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The Nine Principles of Policing

1. To prevent crime and disorder, as an alternative to their repression by military force


and severity of legal punishment.

2. To recognise always that the power of the police to fulfil their functions and duties is
dependent on public approval of their existence, actions and behaviour and on their
ability to secure and maintain public respect.

3. To recognise always that to secure and maintain the respect and approval of the public
means also the securing of the willing co-operation of the public in the task of securing
observance of laws.

4. To recognise always that the extent to which the co-operation of the public can be
secured diminishes proportionately the necessity of the use of physical force and
compulsion for achieving police objectives.

5. To seek and preserve public favour, not by pandering to public opinion; but by
constantly demonstrating absolutely impartial service to law, in complete independence
of policy, and without regard to the justice or injustice of the substance of individual
laws, by ready offering of individual service and friendship to all members of the public
without regard to their wealth or social standing, by ready exercise of courtesy and
friendly good humour; and by ready offering of individual sacrifice in protecting and
preserving life.

6. To use physical force only when the exercise of persuasion, advice and warning is
found to be insufficient to obtain public co-operation to an extent necessary to secure
observance of law or to restore order, and to use only the minimum degree of physical
force which is necessary on any particular occasion for achieving a police objective.

7. To maintain at all times a relationship with the public that gives reality to the historic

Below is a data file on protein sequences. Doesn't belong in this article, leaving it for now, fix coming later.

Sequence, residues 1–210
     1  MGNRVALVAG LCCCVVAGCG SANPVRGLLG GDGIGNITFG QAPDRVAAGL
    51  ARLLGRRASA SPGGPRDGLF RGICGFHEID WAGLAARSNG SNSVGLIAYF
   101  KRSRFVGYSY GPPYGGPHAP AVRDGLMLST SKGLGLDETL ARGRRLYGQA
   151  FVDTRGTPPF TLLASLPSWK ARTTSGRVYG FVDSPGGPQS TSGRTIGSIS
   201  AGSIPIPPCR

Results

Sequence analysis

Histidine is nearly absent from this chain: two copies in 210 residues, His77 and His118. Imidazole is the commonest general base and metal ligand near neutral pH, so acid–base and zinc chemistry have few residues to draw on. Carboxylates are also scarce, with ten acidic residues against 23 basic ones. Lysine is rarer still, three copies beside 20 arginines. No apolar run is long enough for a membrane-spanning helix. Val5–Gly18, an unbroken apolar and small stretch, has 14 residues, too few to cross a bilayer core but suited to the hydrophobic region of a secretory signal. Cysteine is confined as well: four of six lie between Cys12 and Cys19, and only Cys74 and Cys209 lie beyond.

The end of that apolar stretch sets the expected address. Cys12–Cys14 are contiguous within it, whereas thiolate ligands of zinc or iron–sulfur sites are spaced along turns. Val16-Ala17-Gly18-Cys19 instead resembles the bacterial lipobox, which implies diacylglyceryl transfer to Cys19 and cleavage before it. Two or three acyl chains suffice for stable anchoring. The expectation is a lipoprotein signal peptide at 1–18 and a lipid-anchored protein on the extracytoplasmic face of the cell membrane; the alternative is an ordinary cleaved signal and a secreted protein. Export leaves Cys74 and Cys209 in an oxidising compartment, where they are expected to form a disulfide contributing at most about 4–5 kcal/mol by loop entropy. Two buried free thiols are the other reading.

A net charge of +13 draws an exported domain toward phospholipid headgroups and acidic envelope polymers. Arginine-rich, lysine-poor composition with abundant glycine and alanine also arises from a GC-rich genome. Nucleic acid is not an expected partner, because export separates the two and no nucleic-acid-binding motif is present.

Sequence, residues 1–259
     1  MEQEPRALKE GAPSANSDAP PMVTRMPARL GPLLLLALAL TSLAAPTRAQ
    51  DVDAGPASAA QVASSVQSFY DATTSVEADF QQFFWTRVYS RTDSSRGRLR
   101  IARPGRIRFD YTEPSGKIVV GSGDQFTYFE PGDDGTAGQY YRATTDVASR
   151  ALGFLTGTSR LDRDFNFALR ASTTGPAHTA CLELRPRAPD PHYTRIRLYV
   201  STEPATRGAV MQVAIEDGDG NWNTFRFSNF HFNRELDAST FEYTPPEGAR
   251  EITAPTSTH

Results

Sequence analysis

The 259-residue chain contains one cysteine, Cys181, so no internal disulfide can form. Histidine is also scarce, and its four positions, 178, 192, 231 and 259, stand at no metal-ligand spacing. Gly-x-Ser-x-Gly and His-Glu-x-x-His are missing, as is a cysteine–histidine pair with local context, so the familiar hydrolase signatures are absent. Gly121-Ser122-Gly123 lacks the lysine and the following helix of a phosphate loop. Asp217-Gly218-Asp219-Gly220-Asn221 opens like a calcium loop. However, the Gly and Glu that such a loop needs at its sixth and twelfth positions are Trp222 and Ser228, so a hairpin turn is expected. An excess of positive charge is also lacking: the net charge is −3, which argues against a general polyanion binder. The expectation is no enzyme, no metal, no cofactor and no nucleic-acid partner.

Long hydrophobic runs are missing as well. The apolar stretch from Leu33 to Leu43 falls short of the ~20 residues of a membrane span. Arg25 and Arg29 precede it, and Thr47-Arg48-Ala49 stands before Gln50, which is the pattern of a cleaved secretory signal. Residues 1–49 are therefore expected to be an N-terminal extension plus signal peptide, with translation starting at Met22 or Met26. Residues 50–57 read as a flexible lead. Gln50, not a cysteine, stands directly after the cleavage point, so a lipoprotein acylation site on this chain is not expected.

tradition that the police are the public and that the public are the police, the police being
only members of the public who are paid to give full time attention to duties which are
incumbent on every citizen in the interests of community welfare and existence.

8. To recognise always the need for strict adherence to police-executive functions, and to
refrain from even seeming to usurp the powers of the judiciary of avenging individuals or
the State, and of authoritatively judging guilt and punishing the guilty.

9. To recognise always that the test of police efficiency is the absence of crime and
disorder, and not the visible evidence of police action in dealing with them.

The Nine Principles by Sir Richard Mayne:


1. To prevent crime and disorder, as an alternative to their repression by military force
and severity of legal punishment.

2. To recognise always that the power of the police to fulfil their functions and duties is
dependent on public approval of their existence, actions and behaviour and on their
ability to secure and maintain public respect.

3. To recognise always that to secure and maintain the respect and approval of the public
means also the securing of the willing co-operation of the public in the task of securing
observance of laws.

4. To recognise always that the extent to which the co-operation of the public can be
secured diminishes proportionately the necessity of the use of physical force and
compulsion for achieving police objectives.

5. To seek and preserve public favour, not by pandering to public opinion; but by
constantly demonstrating absolutely impartial service to law, in complete independence
of policy, and without regard to the justice or injustice of the substance of individual
laws, by ready offering of individual service and friendship to all members of the public
without regard to their wealth or social standing, by ready exercise of courtesy and
friendly good humour; and by ready offering of individual sacrifice in protecting and
preserving life.

6. To use physical force only when the exercise of persuasion, advice and warning is
found to be insufficient to obtain public co-operation to an extent necessary to secure
observance of law or to restore order, and to use only the minimum degree of physical
force which is necessary on any particular occasion for achieving a police objective.

7. To maintain at all times a relationship with the public that gives reality to the historic
tradition that the police are the public and that the public are the police, the police being
only members of the public who are paid to give full time attention to duties which are
incumbent on every citizen in the interests of community welfare and existence.

8. To recognise always the need for strict adherence to police-executive functions, and to
refrain from even seeming to usurp the powers of the judiciary of avenging individuals or
the State, and of authoritatively judging guilt and punishing the guilty.

9. To recognise always that the test of police efficiency is the absence of crime and
disorder, and not the visible evidence of police action in dealing with them.